Jennifer Betts is a magistrate. She has made decisions on about 50, 000 cases in 17 years at 7 local courts in NSW. She’s also been diagnosed with adjustment disorder with symptoms of anxiety and depression.
Last month the NSW Judicial Commission recommended that Ms Betts be removed on grounds of “misbehaviour or incapacity” because of four complaints made against her between 2003 and 2009. The Commission recommended that parliament should consider sacking her.
Geesche Jacobsen of the SMH writes
Jenny Betts had been the rock of her family; when her mother died more than 30 years ago, when two siblings battled alcohol problems and when her father needed hospital treatment.
But Ms Betts, 55, had become so self-reliant, she never shared her troubles. She did not tell anyone when her GP diagnosed her with depression and prescribed anti-depressants in the mid-’90s.
Over time she was subject to a death threat, resulting in regular police patrols outside her home. Often she was the only magistrate at court without security.
Her GP had advised her that she should try to come off the medication some time in the future but needed to do so slowly.
In late 2008 she decided to try. Her son was boarding, leaving her better able to cope. Unfortunately, she did not consult her doctor.
Soon after that an uncle died in a horrific car accident.
It was after this that Jennifer allegedly used bullying and domineering behaviour in court.
Earlier this week Jennifer asked New South Wales MPs not to discriminate against her because of mental illness.
“I let down the people of New South Wales,” she said. “That was in a period of time that I was not taking medication for my depressive illness. I now understand that I am a person who needs to take medication for life and I undertake to do so.”
This morning The New South Wales Upper House voted not to dismiss her.
I have no doubt that Jennifer will continue to take her medication. She understands what is at stake and she is passionate about her job, her duty to the people of NSW and indeed to her son that she brings up alone.
I have a brother-in-law with a mental illness. He is not a magistrate and his mental illness, if mental illness could be seen on a scale, is probably a 10 compared to Ms Betts 1. But when he is taking his medication he starts to feel better and sometimes he looks for work. Sometimes the medication doesn’t work, sometimes he needs his dose adjusted and if it’s working really well he stops taking it because he believes he doesn’t need it. And then, when he is at the height of psychosis there is nothing you can do to convince him that he is sick, even when he tells you he invented money and should be ruling the world. You know he’s sick, he believes he’s Bill Gates. Or Jesus.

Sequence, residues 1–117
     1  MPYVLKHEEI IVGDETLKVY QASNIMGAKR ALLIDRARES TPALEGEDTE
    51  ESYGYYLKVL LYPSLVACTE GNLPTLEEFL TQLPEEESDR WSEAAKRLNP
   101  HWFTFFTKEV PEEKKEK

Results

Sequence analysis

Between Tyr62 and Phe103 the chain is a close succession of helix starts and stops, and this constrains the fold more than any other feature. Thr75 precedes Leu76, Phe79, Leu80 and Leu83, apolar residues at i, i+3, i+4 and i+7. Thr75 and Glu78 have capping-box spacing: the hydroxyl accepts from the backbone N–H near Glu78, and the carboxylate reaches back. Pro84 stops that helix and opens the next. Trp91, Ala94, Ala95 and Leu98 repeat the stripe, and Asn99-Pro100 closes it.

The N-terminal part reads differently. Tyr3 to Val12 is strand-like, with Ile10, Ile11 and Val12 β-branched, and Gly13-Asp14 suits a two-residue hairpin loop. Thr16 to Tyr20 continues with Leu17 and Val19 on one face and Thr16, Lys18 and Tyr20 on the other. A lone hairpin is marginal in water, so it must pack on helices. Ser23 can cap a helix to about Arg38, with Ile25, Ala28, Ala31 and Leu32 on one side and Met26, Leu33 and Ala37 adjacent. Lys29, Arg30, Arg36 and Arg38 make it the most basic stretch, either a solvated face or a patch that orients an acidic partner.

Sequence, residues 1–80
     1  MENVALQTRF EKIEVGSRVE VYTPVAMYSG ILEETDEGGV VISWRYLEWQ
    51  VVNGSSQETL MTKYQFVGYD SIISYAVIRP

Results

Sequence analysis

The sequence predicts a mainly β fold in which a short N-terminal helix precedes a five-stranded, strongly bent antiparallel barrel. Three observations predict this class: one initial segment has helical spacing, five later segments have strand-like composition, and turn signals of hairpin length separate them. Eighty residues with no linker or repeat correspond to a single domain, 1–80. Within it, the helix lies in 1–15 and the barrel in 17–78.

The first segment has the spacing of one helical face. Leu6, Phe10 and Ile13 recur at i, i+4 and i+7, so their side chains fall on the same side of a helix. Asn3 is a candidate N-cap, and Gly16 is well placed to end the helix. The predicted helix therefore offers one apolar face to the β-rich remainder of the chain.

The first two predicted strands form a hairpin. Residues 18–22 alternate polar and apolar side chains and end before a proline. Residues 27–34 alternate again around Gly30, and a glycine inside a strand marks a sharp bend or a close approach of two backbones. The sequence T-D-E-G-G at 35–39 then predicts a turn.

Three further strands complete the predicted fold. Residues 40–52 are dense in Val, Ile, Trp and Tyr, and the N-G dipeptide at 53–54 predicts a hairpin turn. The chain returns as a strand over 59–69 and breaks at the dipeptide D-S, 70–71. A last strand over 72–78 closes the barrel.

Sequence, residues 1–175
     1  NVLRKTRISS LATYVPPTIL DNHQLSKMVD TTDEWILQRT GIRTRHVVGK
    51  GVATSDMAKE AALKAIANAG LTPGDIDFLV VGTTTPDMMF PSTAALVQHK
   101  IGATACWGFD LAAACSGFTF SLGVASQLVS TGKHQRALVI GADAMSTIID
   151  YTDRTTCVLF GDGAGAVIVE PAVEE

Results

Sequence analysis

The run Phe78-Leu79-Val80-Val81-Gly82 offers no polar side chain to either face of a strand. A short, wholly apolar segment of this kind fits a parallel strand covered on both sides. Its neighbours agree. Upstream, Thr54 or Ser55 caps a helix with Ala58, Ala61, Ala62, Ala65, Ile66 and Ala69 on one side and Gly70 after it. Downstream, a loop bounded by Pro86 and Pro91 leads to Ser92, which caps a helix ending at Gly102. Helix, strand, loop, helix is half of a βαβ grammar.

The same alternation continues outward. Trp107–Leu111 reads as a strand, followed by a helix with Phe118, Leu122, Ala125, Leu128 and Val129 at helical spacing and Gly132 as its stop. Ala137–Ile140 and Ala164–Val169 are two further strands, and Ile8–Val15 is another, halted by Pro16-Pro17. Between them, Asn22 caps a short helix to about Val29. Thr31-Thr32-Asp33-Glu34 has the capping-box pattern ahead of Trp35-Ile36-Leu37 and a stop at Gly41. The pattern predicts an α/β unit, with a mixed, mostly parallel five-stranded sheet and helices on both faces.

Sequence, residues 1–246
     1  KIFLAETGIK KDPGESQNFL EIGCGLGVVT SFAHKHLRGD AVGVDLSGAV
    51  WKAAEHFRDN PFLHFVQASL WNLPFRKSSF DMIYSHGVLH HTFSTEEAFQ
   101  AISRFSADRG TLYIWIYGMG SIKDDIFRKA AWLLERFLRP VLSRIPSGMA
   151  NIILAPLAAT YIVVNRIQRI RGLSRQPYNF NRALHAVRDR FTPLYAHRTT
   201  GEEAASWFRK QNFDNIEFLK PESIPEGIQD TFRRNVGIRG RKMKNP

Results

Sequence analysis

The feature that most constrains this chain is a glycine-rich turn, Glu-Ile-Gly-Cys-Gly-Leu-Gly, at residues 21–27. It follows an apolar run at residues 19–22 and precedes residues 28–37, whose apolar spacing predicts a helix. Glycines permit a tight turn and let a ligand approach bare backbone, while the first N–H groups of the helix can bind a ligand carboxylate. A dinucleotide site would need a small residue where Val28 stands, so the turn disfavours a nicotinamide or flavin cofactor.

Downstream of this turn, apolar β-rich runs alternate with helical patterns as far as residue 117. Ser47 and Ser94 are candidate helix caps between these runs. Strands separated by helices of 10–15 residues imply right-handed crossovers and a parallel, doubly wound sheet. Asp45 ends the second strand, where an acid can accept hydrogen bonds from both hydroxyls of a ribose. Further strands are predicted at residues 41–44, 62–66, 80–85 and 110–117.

He comes from a loving and stable family. Anybody from his past would give you a glowing reference as to his character. But now that he is sick, nobody would recommend him for a job, not even when he is on medication. He has stopped being John* now he is just his illness.
In a perfect world he would not apply at an aftercare centre to look your children, he wouldn’t apply to operate a forklift or drive the cab that you are taking to get home to your family, But it’s not a perfect world. Far from it for a person with acute mental illness.
Should he be discriminated against because he has a mental illness? Sometimes I’m grateful that he is. Hear me out for a second because I live with the backlash of his actions. John* is too sick to be a magistrate, too sick to look after children or to take on any job where someone else’s life is in his hands.
Just like he would not be accepted to be a pilot if his vision was poor, just like he couldn’t be a company director if he was insolvent and couldn’t be a window cleaner if he was blind, he shouldn’t have a job where he could cause untold damage by neglecting to take his medication.
I am not judging Ms Betts, nor I am not saying she is not fit to be a magistrate if she continues to take her medication. I am also not for a second intimating that she suffers from psychosis the same way my brother does but I wonder if there are there some jobs where we DO need to discriminate against people.
Maybe sometimes people with certain conditions or illnesses should not be able to take on just any job…